- Associated Press - Friday, December 13, 2019

Advocates of criminal-sentencing reform in Ohio are pulling their support for a bill after lawmakers added an amendment that would toughen penalties for people convicted within 1,000 feet of a drug-treatment center.

The American Civil Liberties Union of Ohio and the Ohio chapter of Americans for Prosperity said Thursday they are no longer supporting the bill that would reclassify most low-level felony drug possession crimes as misdemeanors, Cleveland.com reported.

The new language in the bill does not require officers or prosecutors to prove a person knew they were in proximity of a treatment center. The advocates say this goes against the premise of the bill - to reduce the number of Ohioans in prison.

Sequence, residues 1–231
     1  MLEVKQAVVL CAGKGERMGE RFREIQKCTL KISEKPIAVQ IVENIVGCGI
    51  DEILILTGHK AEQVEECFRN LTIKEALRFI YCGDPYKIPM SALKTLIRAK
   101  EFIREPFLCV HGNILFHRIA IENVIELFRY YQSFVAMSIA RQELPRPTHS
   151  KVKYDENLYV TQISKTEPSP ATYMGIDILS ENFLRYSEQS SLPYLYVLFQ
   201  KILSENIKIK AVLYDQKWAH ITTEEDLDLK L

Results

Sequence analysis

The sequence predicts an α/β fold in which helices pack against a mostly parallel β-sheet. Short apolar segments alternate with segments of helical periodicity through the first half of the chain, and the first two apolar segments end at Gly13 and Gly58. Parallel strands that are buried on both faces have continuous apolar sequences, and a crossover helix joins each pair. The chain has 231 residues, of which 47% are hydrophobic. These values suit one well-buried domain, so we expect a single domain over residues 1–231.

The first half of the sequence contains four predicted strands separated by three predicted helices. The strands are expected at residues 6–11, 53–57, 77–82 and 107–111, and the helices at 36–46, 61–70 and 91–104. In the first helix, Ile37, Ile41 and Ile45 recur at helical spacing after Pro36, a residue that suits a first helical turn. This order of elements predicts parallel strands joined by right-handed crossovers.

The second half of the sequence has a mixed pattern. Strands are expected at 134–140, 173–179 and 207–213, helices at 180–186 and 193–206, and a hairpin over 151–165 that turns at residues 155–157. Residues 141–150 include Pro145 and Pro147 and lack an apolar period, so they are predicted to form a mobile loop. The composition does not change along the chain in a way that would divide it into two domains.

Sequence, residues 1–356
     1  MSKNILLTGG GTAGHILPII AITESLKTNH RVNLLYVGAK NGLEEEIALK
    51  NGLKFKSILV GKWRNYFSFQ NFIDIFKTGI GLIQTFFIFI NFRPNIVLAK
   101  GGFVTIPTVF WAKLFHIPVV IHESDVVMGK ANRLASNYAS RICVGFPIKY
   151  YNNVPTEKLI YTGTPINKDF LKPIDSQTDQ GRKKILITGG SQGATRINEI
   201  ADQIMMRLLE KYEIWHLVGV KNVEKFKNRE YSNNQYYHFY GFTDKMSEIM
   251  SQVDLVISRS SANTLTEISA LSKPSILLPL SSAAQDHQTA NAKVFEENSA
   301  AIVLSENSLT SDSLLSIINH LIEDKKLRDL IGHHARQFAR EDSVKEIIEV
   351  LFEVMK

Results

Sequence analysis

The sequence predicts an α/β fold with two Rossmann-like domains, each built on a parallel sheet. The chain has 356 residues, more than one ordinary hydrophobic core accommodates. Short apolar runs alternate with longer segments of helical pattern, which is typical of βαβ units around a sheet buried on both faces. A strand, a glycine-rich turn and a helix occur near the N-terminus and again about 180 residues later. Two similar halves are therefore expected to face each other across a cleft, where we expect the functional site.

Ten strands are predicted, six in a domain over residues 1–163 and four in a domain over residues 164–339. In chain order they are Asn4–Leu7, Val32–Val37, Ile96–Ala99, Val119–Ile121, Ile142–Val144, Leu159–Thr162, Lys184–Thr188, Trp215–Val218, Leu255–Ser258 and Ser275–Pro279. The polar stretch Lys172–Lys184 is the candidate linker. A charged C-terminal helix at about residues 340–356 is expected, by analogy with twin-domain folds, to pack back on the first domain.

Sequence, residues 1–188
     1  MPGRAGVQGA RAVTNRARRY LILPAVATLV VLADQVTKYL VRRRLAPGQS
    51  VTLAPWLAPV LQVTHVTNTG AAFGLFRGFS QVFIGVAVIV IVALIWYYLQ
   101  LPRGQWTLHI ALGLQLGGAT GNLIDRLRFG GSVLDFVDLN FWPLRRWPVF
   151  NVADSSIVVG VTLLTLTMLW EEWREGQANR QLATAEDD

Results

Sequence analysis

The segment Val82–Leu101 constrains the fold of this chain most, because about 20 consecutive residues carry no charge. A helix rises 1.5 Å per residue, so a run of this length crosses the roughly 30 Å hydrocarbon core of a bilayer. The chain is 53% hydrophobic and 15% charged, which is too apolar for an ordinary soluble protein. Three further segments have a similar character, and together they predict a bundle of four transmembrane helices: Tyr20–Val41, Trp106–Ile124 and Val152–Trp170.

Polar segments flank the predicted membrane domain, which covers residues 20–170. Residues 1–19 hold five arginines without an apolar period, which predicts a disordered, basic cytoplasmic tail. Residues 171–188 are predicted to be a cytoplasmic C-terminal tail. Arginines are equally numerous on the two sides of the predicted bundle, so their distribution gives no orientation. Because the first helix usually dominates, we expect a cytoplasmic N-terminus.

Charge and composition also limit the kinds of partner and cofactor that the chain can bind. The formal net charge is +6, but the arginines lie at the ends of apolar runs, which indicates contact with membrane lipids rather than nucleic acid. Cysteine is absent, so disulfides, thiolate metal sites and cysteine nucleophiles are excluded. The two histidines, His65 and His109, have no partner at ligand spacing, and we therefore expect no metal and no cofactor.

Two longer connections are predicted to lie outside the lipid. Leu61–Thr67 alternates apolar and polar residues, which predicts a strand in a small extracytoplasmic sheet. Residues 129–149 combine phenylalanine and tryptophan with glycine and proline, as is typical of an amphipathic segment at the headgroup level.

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Micah Derry, AFP’s state director in Ohio, said that proponents “were blindsided by the amendments which absolutely weaken and poison the bill.”

“SB3 is meant to address current flaws in our justice system, but the new amendments double down on poorly-developed language,” Derry said.



Gary Daniels, a lobbyist for the ACLU, said a “Statehouse-to-prison pipeline” is created when someone adds “bill language that will deliberately put more people in prison and will affect communities of color more than rural and suburban areas.”

Republican Sen. John Eklund, a sponsor of the bill, said the decision to drop support was “unnecessary.”

“We’re in a process here, and sometimes we do things legislatively designed to elicit comment and reaction,” he said.

Groups representing police, county prosecutors and judges do not support the bill and feel it would eliminate investigative options to hold addicts accountable to treatment programs, Cleveland.com reported.

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